Ristorante, 751 F.Supp.2d 789, 795 (D. Md. 2010).
provides that “[e]very employer who is obligated to
make contributions to a multiemployer plan under the terms of
the plan or under the terms of a collectively bargained
agreement shall, to the extent not inconsistent with law,
make such contributions in accordance with the terms and
conditions of such plan or such agreement.” 29 U.S.C.
§ 1145. ERISA further provides that employers who fail
to make timely contributions are liable in a civil action for
unpaid contributions, interest on the unpaid contributions,
liquidated damages, reasonable attorney's fees and costs,
and any other relief the Court deems appropriate. 29 U.S.C.
§ 1132(a), (g).
Complaint, NEBF alleges that it is a multiemployer employee
pension benefit plan within the meaning of 29 U.S.C. §
1002(2). Greer is an employer that has agreed to participate
in the NEBF pursuant to collective bargaining agreements with
the International Brotherhood of Electrical Works Local Union
602 (“Collective Bargaining Agreements”).
(Id. ¶ 6.) Pursuant to the Collective
Bargaining Agreements, Greer is required to submit
contributions to the NEBF on behalf of Greer's covered
employees. (Id.) In addition to its obligations
under the Collective Bargaining Agreements, Greer is also
bound to the terms and conditions of the Restated Employees
Benefit Agreement and Trust for the NEBF (“Trust
Agreement”). (Id. ¶ 7.) Notwithstanding
its obligations, NEBF has failed to make the contributions
required by the Collective Bargaining Agreements and the
Trust Agreement to the NEBF for its covered employees.
(Id. ¶ 8.) NEBF alleges that Greer owes $6,
887.49 in delinquent contributions in connection with work
performed by Greer's covered employees between March 2014
and December 2014. (Id. ¶ 9.) Despite its
demands for payment, Greer remains delinquent in its payment
obligations. (Id. ¶ 10.) Accepting as true the
unchallenged allegations of the Complaint, NEBF has
established Greer's liability for failure to pay the
contributions as required by the Collective Bargaining
Agreements and the Trust Agreement.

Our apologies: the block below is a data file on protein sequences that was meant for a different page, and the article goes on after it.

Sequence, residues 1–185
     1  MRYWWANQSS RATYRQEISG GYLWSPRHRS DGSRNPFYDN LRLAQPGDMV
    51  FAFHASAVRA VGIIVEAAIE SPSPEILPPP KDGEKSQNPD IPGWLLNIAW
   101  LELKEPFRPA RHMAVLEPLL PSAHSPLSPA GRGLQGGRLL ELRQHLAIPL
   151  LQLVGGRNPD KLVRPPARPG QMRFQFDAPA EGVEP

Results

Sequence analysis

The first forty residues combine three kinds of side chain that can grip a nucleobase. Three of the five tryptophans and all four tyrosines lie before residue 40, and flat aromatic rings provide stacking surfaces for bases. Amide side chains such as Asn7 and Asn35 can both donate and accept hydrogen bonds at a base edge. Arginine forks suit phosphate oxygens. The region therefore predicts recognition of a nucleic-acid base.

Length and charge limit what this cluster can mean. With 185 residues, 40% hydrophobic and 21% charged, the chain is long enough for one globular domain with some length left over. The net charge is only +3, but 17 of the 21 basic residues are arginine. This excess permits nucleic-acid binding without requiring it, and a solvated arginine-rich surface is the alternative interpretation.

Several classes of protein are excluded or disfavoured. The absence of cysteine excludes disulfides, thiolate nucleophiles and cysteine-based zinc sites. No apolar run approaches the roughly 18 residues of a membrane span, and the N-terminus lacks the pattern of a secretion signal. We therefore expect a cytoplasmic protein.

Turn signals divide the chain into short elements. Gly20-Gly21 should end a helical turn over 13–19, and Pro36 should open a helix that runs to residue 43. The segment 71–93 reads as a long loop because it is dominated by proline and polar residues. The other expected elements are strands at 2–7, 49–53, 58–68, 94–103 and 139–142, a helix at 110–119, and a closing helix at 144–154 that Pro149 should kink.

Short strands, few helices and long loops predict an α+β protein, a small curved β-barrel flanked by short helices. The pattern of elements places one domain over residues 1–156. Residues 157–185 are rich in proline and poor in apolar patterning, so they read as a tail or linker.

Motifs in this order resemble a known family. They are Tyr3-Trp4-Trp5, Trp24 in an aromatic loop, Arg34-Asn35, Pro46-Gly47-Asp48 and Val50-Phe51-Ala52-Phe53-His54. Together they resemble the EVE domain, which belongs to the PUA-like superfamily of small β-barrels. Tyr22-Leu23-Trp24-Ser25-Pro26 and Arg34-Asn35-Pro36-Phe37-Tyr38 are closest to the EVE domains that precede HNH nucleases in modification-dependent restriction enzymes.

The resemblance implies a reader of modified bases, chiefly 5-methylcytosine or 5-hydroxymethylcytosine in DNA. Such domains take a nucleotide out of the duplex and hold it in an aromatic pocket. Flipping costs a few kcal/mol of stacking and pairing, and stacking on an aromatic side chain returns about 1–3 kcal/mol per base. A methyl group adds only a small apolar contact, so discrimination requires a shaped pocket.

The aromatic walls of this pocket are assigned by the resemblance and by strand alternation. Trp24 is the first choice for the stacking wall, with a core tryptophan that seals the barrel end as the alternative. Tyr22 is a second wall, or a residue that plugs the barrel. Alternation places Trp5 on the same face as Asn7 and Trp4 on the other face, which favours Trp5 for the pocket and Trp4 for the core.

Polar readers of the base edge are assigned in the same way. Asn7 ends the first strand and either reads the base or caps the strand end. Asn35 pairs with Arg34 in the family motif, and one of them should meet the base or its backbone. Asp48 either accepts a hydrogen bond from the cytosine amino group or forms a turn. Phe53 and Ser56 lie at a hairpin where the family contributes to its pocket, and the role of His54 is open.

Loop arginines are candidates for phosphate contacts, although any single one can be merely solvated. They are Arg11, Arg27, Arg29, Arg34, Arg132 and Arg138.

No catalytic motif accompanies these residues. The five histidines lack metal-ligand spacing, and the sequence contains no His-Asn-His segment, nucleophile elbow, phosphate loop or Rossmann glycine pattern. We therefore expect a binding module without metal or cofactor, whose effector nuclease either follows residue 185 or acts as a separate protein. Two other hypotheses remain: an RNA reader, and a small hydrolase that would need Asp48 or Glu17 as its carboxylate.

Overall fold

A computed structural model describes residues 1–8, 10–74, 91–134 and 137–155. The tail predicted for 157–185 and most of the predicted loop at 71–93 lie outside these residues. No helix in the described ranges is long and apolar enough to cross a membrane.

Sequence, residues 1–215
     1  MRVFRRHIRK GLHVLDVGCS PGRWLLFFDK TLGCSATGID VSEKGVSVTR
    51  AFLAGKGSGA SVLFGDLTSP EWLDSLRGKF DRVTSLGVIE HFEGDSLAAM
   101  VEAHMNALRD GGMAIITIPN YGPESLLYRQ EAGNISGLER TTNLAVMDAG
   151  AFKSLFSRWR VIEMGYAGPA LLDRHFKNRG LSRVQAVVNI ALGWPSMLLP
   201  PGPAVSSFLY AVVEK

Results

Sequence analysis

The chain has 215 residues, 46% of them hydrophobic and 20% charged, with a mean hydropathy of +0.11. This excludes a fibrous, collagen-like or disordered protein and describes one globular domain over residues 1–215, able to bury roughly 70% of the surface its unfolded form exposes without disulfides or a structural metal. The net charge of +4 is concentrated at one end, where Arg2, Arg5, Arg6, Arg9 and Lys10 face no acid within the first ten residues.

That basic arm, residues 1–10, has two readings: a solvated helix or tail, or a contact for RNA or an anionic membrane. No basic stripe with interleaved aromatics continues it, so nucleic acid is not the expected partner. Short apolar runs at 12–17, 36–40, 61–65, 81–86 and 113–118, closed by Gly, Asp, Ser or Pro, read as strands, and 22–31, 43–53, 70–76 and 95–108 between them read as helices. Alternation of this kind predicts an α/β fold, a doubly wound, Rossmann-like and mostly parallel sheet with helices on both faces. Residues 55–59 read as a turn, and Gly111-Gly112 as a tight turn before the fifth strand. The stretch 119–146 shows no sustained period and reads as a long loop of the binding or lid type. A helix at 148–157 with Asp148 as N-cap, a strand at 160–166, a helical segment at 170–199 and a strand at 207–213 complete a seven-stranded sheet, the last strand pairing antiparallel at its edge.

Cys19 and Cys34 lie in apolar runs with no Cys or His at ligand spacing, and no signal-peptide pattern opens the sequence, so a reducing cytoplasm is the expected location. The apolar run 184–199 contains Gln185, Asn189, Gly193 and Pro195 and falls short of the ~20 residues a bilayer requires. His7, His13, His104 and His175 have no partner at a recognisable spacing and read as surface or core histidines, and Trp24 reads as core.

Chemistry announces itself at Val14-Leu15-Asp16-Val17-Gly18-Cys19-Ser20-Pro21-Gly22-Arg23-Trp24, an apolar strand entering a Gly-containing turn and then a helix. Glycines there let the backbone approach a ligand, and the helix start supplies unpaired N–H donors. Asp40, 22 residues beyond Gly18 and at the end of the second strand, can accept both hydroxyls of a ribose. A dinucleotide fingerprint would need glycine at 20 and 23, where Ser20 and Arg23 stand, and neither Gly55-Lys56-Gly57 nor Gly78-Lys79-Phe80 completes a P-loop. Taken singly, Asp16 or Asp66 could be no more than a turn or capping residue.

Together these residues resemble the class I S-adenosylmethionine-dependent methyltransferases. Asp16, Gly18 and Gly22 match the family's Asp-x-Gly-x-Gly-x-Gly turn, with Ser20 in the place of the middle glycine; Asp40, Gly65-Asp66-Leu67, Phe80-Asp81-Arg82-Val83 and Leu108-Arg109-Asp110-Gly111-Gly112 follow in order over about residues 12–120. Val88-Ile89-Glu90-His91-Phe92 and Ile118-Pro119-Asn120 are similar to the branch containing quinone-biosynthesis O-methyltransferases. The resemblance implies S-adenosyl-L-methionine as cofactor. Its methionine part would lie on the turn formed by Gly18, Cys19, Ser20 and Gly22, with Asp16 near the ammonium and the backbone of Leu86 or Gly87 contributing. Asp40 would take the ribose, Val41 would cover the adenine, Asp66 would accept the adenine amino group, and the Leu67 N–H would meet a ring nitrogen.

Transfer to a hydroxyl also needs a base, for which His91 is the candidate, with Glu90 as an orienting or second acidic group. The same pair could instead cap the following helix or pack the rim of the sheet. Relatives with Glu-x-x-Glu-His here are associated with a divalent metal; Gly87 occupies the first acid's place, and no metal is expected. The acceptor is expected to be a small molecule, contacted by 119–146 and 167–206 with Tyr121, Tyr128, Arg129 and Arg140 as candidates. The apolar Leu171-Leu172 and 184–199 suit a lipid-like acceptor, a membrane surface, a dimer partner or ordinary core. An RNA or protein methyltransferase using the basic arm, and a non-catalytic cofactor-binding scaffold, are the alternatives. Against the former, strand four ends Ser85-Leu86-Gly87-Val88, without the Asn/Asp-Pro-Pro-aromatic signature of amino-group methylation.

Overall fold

determined that NEBF has established Greer's liability,
it is now appropriate to determine the damages to which NEBF
is entitled. The damages NEBF seeks in its Motion are
appropriate under Rule 54(c) so long as “the record
supports the damages requested.” See Laborers'
Dist. Council Pension v. E.G.S., Inc., No. WDQ-09-3174,
2010 WL 1568595, at *3 (D. Md. Apr. 16, 2010). Here, NEBF has
provided sufficient evidence to support its claim for damages
in the amount of $13, 493.10.
support of its claim for damages, NEBF submits the affidavit
of Angel Losqaudro (“Losquadro”). (ECF No. 11-1.)
Losquadro is the Director of the NEBF's Audit and
Delinquency Department and is familiar with the allegations
of the Complaint and the facts of this case. (Id.
¶¶ 1-2.) Under the Trust Agreement, which Losquadro
incorporates into the affidavit (id. at 4-12), NEBF
may recover interest on delinquent contributions at a rate of
ten percent, liquidated damages in the amount of twenty
percent of the delinquent contributions, audit costs, and
attorney's fees and costs incurred in collecting
delinquent contributions. (Id.) As discussed above,
these damages are allowed under ERISA. 29 U.S.C. §
1132(g). Losquadro states that an audit of Greer's books
and records conducted in August 2015 revealed that Greer
failed to submit a total of $8, 957.14 in contributions for
work performed by its covered employees in 2014. (ECF No.
11-1 ¶ 4.) Greer subsequently paid a total of $2, 069.64
toward the delinquent contributions, leaving an outstanding
balance of $6, 887.49 for the year 2014. (Id. ¶
5.) In addition, NEBF seeks interest on the delinquent
contributions in the amount of $2, 515.13, the calculation of
which is set forth in Exhibit ...